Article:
Jesus is the Servant of the Lord. His life and death, marked by an attitude of utter service (cf. Phil 2:7), were the cause of our salvation and the reconciliation of mankind with God. The kerygma, the heart of the Gospel, testifies that his death and resurrection fulfilled the prophecies of the Servant of the Lord. Saint Mark tells us how Jesus confronted the disciples James and John. Urged on by their mother, they wanted to sit at his right and left in God’s Kingdom (cf. Mk 10:37), claiming places of honour in accordance with their own hierarchical vision of the Kingdom. Their horizon was still clouded by illusions of earthly fulfilment. Jesus then gives a first “jolt” to their notions by speaking of his own earthly journey: “The cup that I drink you will drink… but to sit at my right hand or at my left is not mine to grant, but it is for those for whom it has been prepared” (vv. 39-40). With the image of the cup, he assures the two that they can fully partake of his destiny of suffering, without, however, promising their sought-after places of honour. His response is to invite them to follow him along the path of love and service, and to reject the worldly temptation of seeking the first place and commanding others.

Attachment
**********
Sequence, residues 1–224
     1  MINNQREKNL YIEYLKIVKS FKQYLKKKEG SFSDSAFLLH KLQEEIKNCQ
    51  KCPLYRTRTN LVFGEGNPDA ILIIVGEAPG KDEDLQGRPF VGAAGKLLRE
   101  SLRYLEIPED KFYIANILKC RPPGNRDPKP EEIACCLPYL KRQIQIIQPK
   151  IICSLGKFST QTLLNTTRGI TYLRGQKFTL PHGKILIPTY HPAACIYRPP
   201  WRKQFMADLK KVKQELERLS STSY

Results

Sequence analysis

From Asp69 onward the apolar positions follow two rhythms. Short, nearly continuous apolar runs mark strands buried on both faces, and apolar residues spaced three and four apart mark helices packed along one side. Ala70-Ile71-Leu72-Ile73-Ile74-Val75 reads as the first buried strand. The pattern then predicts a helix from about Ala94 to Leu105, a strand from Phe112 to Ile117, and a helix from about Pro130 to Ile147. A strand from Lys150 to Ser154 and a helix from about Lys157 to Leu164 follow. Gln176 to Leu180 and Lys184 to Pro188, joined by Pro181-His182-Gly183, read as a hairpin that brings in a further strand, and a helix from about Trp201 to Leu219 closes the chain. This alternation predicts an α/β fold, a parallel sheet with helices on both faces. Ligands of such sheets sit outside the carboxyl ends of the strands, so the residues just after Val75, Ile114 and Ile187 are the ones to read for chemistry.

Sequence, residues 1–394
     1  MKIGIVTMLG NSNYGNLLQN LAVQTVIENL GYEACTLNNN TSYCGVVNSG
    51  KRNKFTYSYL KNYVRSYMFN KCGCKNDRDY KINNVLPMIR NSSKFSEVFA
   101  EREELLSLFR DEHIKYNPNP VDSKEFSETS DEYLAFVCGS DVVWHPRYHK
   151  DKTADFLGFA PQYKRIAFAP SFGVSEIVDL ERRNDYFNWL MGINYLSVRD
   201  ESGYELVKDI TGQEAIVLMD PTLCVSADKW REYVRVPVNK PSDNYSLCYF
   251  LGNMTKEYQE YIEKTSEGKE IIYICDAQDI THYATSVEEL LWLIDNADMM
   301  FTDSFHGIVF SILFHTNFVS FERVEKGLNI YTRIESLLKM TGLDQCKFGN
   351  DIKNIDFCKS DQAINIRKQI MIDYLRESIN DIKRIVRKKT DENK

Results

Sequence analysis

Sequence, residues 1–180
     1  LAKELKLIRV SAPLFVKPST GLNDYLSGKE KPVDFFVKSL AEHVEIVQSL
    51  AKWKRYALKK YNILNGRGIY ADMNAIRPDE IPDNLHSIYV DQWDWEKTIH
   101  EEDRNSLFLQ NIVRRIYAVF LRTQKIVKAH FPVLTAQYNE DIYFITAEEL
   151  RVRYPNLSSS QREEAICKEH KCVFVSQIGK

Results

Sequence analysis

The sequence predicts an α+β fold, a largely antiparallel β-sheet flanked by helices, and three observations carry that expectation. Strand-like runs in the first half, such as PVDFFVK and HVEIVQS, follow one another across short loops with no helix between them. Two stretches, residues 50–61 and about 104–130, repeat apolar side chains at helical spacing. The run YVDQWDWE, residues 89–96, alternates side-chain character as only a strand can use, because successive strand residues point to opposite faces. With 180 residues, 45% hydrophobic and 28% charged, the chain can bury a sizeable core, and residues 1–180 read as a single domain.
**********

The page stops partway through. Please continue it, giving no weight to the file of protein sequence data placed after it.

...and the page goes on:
Faced with people who seek power and success in order to be noticed, who want their achievements and efforts to be acknowledged, the disciples are called to do the opposite. Jesus warns them: “You know that among the Gentiles those whom they recognize as their rulers lord it over them, and their great ones are tyrants over them. But it is not so among you; but whoever wishes to become great among you must be your servant” (vv. 42-44). These words show us that service is the way for authority to be exercised in the Christian community. Those who serve others and lack real prestige exercise genuine authority in the Church. Jesus calls us to see things differently, to pass from the thirst for power to the joy of quiet service, to suppress our instinctive desire to exercise power over others, and instead to exercise the virtue of humility.
After proposing a model not to imitate, Jesus then offers himself as the ideal to be followed. By imitating the Master, the community gains a new outlook on life: “The Son of Man came not to be served but to serve, and to give his life as a ransom for many” (v. 45). In the biblical tradition, the Son of Man is the one who receives from God “dominion, glory and kingship” (Dan 7:14). Jesus fills this image with new meaning. He shows us that he enjoys dominion because he is a servant, glory because he is capable of abasement, kingship because he is fully prepared to lay down his life. By his passion and death, he takes the lowest place, attains the heights of grandeur in service, and bestows this upon his Church.